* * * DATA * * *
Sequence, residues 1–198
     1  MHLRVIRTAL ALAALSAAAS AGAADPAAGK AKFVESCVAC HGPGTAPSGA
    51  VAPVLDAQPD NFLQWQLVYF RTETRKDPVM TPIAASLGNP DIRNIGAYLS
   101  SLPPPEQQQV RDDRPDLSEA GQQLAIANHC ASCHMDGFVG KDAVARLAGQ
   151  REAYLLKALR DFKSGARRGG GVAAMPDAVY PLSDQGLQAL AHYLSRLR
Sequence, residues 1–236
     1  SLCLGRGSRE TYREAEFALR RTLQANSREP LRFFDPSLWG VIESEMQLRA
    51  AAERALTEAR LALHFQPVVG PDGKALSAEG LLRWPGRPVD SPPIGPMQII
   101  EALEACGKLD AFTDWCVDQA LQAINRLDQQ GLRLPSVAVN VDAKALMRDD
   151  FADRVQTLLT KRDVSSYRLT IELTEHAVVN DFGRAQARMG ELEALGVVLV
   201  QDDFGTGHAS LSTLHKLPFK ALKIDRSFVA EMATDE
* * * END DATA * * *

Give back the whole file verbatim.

Sequence, residues 1–198
     1  MHLRVIRTAL ALAALSAAAS AGAADPAAGK AKFVESCVAC HGPGTAPSGA
    51  VAPVLDAQPD NFLQWQLVYF RTETRKDPVM TPIAASLGNP DIRNIGAYLS
   101  SLPPPEQQQV RDDRPDLSEA GQQLAIANHC ASCHMDGFVG KDAVARLAGQ
   151  REAYLLKALR DFKSGARRGG GVAAMPDAVY PLSDQGLQAL AHYLSRLR
Sequence, residues 1–236
     1  SLCLGRGSRE TYREAEFALR RTLQANSREP LRFFDPSLWG VIESEMQLRA
    51  AAERALTEAR LALHFQPVVG PDGKALSAEG LLRWPGRPVD SPPIGPMQII
   101  EALEACGKLD AFTDWCVDQA LQAINRLDQQ GLRLPSVAVN VDAKALMRDD
   151  FADRVQTLLT KRDVSSYRLT IELTEHAVVN DFGRAQARMG ELEALGVVLV
   201  QDDFGTGHAS LSTLHKLPFK ALKIDRSFVA EMATDE